That’s a valid objection. If I’m taking notes on my laptop and see a wall of text on a slide (which means it’s a terrible slide, but we’ll leave that argument for another day), I can type most of the information quickly without much thought. But, faced with that same wall of text, if I only have a notebook and pen in hand, I know from the start that I can’t copy all the information from the slide. I have to think about what matters: What is the main idea here? What are the key words? What can I take away from this slide in 30 seconds? To take effective notes on paper, I have to be actively engaged with the material, and that exercise deepens my learning.


. . . . 


In fact, a good case can be made that students can learn — or, more precisely, can be taught — to take notes effectively on their laptops, iPads, or other such devices. As Jeff McClurken has rightly argued, for most students the "problem isn’t which device (pencil, laptop, phone, quill) they use to take those notes, but how to take them and how to use them to learn." We as faculty could use the presence of laptops in the classroom as an opportunity to help students better understand how to learn, how to take notes (whether by hand or on a device), and how to learn from the process of taking notes.


For academics arguing in favor of electronic note-taking, the implication is, as Kevin Gannon provocatively put it in a May blog post: "Let’s Ban the Classroom Technology Ban."


. . . . 

Continue reading here.


September 14, 2016 | Permalink | Comments (0)

Misbehaving Judge Resigns


Judges Acting Badly Department. From the Lehigh Valley (PA)

The Hellertown area's former district judge was charged Friday with sleeping in his robes on his office floor, using excessive profanity, bullying his staff when they complained and running a "fast food" court by settling cases at his counter rather than from the bench.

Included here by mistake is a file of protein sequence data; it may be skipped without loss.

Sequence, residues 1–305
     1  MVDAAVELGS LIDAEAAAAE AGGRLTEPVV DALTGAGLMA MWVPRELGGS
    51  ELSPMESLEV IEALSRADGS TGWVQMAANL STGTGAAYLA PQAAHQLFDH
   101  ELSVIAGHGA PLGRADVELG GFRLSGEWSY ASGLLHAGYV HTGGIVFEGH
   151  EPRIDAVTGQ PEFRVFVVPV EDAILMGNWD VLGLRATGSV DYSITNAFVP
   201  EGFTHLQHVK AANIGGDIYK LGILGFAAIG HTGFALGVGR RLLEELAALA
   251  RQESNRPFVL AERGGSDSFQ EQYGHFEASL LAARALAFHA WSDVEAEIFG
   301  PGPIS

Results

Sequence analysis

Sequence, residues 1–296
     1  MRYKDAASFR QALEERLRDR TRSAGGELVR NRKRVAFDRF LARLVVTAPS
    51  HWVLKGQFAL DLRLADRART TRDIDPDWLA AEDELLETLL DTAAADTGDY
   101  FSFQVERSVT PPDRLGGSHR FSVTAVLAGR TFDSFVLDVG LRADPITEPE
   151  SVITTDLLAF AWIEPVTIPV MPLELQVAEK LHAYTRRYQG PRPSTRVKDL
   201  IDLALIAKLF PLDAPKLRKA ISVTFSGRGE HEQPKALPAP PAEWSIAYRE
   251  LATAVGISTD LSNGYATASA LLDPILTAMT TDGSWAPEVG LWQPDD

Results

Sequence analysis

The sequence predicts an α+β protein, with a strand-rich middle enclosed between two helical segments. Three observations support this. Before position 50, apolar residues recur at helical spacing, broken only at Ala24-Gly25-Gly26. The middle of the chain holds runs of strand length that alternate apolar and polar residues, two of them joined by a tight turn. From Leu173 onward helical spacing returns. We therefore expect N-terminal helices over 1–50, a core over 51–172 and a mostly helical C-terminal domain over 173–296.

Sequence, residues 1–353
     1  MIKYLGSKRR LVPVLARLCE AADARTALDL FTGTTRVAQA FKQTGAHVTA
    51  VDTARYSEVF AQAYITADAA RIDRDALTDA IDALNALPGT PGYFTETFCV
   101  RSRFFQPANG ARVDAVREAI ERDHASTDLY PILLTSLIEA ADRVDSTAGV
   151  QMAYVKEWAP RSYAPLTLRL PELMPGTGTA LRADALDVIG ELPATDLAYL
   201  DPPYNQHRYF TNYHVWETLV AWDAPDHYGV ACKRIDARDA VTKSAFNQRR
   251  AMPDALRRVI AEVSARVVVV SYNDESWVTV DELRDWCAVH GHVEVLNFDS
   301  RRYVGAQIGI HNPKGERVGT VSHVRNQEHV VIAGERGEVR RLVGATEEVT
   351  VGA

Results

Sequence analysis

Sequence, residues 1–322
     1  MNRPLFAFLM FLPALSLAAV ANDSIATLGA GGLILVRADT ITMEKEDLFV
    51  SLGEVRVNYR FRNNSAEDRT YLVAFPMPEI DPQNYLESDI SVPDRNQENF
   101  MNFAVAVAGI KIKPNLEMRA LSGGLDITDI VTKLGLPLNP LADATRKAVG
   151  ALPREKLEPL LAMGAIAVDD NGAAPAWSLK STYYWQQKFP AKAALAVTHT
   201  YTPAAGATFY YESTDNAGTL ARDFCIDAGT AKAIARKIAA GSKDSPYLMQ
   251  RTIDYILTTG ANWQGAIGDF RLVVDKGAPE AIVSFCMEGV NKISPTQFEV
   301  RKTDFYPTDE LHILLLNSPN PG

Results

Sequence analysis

The scathing 96-page complaint also says former District Judge David Tidd handled cases as a bankruptcy attorney after presiding over cases involving the same litigants in his district court.

Tidd resigned effective July 25, less than seven months into his second six-year term. He had resigned in March but reversedhis decision, only to resign again in July.

The complaint filed Friday by the Judicial Conduct Board says Tidd yelled at his staff for scheduling hearings on Election Day when he wanted to campaign. Frequent examples are cited of him losing his temper, insulting his staff and litigants, and using profanity and the F-word when speaking to or in the presence of staff members.

Much more here. These antics were going on for years. Why did it take so long to get him off the bench?


September 14, 2016 | Permalink | Comments (0)

Indiana Tech Law School Clinical Professor Opening